Most accredited courses in Australia are subject to fees, whether you choose to study at university or within the vocational education training sector. In addition to these course fees, there are other financial considerations you may need to take into account.
- study materials such as textbooks and a computer
- specialist equipment, such as lab coats for science subjects, or art materials for visual art
- costs related to work-integrated learning or practical placements (e.g., safety equipment, vaccinations, tools etc).
- transport costs such as public transport, or petrol and parking
- everyday living expenses such as food, utilities, phone
- relocation costs and accommodation fees.
It is very important that you consider these additional costs in your budget.
Most students cover the costs of their education through multiple income streams including:
- Study Assist
- Tuition fee loans (e.g., HECS-HELP, VET Student Loans)
- Scholarships and bursaries (either offered through the education provider or community)
- Paid work (such as a part-time or full-time job)
- Support from family (if available)
Make sure you have researched your options for study assistance and the tuition fee eligibility. When you look at different education providers look for opportunities to apply for scholarships or bursaries.
Scholarships may be offered for academic merit, sporting achievements, background (e.g. low-income background, Aboriginal and Torres Strait Islander, from a regional location, etc). If you meet the criteria then apply! You have nothing to lose by applying.
Also consider how you will balance your studies with work and how many hours you need to work to help with costs. If you have family support this is valuable too. It could be financial support, or in-kind support such as living at home, having a meal once a week, or internet access.
Tuition Fees and Course Costs
The type and level of fees you pay for your course depends on a range of factors, including the type of student you are (international or domestic), the course you are undertaking (e.g. bachelor, masters, diploma, certificate) and the type of provider you have enrolled with (e.g. government-funded university, private provider, VET provider).
Contact your VET provider for more information about their fees.
Not all providers are approved to offer VET Student Loans. You can only access VET Student Loans at a registered training organisation that has been approved under the Higher Education Support Act 2003 to offer VET Student Loans to eligible students.
If you are enrolling at the Diploma level or above you may be able to access VET Student Loans (see below).
The Australian Government is offering fee-free TAFE for some courses to address skills shortages as well
Students planning on undertaking study at university must pay tuition fees. These fees are either subsidised by the Commonwealth Government (Commonwealth Supported Place) or are paid in full by the student.
There are three types of students at university:
- Commonwealth supported students who pay student contributions
- domestic students who pay full tuition fees up front
- international students who pay full tuition fees up front
To be eligible for a Commonwealth Supported Place at university you must be an Australian or New Zealand citizen or hold an Australian Permanent Resident Visa. Some Commonwealth supported students are eligible to defer payment of their tuition fees via the Higher Education Contribution Scheme (HECS-HELP) or to receive a discount for paying their student contribution upfront.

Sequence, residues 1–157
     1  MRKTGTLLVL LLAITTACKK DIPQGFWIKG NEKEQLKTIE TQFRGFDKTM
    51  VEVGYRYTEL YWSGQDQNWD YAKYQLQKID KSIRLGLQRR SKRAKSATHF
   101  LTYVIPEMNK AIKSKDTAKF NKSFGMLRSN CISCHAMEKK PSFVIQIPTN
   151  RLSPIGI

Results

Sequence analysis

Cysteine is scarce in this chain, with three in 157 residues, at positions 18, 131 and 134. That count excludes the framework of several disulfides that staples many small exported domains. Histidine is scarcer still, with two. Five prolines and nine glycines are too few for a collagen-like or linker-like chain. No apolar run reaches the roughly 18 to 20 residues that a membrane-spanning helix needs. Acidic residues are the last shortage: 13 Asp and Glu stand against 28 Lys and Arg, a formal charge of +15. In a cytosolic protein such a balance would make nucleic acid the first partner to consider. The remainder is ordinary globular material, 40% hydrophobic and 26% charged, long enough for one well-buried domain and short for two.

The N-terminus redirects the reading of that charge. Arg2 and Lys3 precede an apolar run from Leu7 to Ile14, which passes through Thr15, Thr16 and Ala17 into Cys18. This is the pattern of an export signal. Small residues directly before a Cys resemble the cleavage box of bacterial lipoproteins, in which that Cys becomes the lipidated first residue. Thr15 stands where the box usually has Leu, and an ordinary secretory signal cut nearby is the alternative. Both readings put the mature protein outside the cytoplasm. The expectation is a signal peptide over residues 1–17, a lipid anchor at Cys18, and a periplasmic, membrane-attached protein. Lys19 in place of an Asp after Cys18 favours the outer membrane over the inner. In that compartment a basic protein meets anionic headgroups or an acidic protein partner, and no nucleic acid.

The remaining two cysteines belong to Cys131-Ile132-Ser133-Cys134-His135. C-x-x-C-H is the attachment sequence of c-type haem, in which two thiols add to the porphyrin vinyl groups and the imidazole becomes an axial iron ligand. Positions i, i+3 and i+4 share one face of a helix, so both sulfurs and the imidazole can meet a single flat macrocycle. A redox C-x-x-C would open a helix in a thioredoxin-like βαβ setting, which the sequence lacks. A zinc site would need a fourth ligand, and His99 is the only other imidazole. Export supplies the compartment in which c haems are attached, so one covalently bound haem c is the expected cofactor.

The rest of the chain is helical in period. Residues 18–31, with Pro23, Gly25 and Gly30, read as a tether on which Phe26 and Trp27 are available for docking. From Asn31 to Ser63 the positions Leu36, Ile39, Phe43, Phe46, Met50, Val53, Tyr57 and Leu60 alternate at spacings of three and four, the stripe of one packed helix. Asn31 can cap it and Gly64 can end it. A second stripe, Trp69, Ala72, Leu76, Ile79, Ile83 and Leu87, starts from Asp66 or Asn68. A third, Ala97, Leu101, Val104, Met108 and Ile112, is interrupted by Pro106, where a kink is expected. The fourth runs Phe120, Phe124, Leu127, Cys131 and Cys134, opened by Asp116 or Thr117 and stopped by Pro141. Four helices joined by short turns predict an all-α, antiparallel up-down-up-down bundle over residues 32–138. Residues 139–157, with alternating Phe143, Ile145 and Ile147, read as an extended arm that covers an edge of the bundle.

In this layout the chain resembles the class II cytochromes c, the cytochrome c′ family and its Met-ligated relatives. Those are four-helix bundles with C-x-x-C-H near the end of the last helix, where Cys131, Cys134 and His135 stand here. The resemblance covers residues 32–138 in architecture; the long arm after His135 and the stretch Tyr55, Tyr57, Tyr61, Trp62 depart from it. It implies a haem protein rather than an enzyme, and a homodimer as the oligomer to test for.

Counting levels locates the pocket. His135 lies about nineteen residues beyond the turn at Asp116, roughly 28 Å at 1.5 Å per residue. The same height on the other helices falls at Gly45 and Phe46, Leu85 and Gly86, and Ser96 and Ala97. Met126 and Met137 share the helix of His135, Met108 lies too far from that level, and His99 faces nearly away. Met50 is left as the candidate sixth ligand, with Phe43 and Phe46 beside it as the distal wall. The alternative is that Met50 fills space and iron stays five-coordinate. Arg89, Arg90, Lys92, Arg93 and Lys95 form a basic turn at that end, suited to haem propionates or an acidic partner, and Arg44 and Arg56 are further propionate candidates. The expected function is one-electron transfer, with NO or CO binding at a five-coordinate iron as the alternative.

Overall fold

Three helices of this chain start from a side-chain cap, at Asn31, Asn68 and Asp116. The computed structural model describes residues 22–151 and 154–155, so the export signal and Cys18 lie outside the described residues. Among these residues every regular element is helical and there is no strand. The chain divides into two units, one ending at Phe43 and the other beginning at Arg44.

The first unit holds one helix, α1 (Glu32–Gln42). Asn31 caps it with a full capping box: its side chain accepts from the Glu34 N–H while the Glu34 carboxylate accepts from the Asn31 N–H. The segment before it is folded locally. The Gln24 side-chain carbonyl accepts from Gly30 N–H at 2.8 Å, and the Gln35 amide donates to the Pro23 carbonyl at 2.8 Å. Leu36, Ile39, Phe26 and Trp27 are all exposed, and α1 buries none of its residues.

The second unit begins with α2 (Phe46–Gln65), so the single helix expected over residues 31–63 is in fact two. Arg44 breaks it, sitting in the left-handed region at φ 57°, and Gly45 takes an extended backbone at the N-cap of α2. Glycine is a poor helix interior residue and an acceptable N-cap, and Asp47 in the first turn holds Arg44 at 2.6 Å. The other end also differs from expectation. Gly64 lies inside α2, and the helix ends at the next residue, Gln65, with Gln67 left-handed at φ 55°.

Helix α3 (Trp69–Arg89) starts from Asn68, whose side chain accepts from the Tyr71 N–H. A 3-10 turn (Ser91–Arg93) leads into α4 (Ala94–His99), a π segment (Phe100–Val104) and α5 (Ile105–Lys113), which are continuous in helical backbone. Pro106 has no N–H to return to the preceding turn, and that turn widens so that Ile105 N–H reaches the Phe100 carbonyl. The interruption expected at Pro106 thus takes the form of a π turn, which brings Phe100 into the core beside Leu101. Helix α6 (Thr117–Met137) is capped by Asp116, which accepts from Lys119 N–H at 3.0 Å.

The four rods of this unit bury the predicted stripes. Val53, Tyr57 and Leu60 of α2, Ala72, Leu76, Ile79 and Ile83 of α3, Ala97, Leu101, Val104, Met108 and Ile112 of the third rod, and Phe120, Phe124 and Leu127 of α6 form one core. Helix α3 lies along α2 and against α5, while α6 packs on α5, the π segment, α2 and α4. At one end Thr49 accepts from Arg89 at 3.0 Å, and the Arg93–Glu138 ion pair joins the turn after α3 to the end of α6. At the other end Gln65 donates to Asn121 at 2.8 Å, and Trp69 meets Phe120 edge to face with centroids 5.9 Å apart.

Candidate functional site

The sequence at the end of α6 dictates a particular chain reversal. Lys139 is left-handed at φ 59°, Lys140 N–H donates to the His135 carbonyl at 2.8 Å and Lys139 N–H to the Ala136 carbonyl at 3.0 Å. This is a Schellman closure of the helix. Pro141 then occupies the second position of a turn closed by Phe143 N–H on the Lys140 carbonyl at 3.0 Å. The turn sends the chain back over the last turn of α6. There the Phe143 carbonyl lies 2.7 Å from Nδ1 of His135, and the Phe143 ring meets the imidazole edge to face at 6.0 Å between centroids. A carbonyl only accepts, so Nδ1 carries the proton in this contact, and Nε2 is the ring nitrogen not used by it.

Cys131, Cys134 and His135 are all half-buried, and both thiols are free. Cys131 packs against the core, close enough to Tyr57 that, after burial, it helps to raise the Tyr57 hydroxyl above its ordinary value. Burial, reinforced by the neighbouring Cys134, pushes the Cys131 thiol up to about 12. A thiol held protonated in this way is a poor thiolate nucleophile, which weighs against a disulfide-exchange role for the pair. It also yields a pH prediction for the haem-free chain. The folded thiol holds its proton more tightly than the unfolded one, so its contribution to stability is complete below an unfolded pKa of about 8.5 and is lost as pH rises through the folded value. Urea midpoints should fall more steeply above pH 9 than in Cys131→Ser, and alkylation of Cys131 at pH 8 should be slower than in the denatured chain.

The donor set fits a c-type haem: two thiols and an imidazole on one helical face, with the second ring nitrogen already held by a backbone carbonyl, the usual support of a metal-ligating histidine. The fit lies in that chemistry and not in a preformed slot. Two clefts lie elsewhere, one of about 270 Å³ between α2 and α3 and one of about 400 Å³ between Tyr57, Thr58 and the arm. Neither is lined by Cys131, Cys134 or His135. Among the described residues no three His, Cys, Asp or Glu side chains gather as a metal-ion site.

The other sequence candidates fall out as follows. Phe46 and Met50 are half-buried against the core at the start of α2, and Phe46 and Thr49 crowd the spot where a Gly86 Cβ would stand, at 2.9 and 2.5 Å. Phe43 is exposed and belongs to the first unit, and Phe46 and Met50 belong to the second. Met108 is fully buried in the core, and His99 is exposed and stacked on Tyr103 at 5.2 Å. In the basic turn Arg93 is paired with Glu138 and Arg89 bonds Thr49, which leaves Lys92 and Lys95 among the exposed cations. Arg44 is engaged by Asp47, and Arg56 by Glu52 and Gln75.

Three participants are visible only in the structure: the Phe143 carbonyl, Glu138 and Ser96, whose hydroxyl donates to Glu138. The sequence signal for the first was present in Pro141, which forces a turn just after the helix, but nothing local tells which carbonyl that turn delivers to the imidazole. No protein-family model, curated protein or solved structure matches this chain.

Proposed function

Domestic full fee paying students are required to pay the full fee that covers the costs of their tuition upfront.
Student Services and Amenities Fee
Some VET providers may have an amenties fee or registration fee so check with your preferred provider.
Universities and other higher education providers can charge their students a fee to cover costs for provision of services and amenities such as sporting and recreational activities, employment and career advice, child care, financial advice and food services. This is called the Student Services and Amenities Fee (SSAF).
The government sets a maximum amount that higher education providers can charge you for SSAF. As of 2023 it is set at a maximum of $326 per student, which will be indexed each year. Students studying on a part-time basis cannot be charged more than 75% of the maximum amount that students studying on a full-time basis are charged. Under government legislation, universities and higher education providers cannot spend the money they collect from SSAF on activities such as support for political parties.
Any enrolled student can be charged SSAF, including if you are studying externally or part time, from a low SES or Indigenous background, undergraduate or postgraduate. However, some providers may adjust the amount that they charge students in these various categories. If you study part time you can’t be charged more than 75% of the maximum SSAF amount charged by the provider.
If the higher education provider charges you SSAF, you are obliged to pay it, regardless of whether you intend to use the services and amenities that the fee covers. The provider sets a date by which SSAF needs to be paid.
If you have difficulty paying SSAF upfront, you do have an option to defer all or part of the fee through an SA-HELP loan. If you opt to use SA-HELP, you only need to apply for it once for a specific course, although if you enrol in subsequent courses with the same or other providers, you would need to reapply for SA-HELP each time.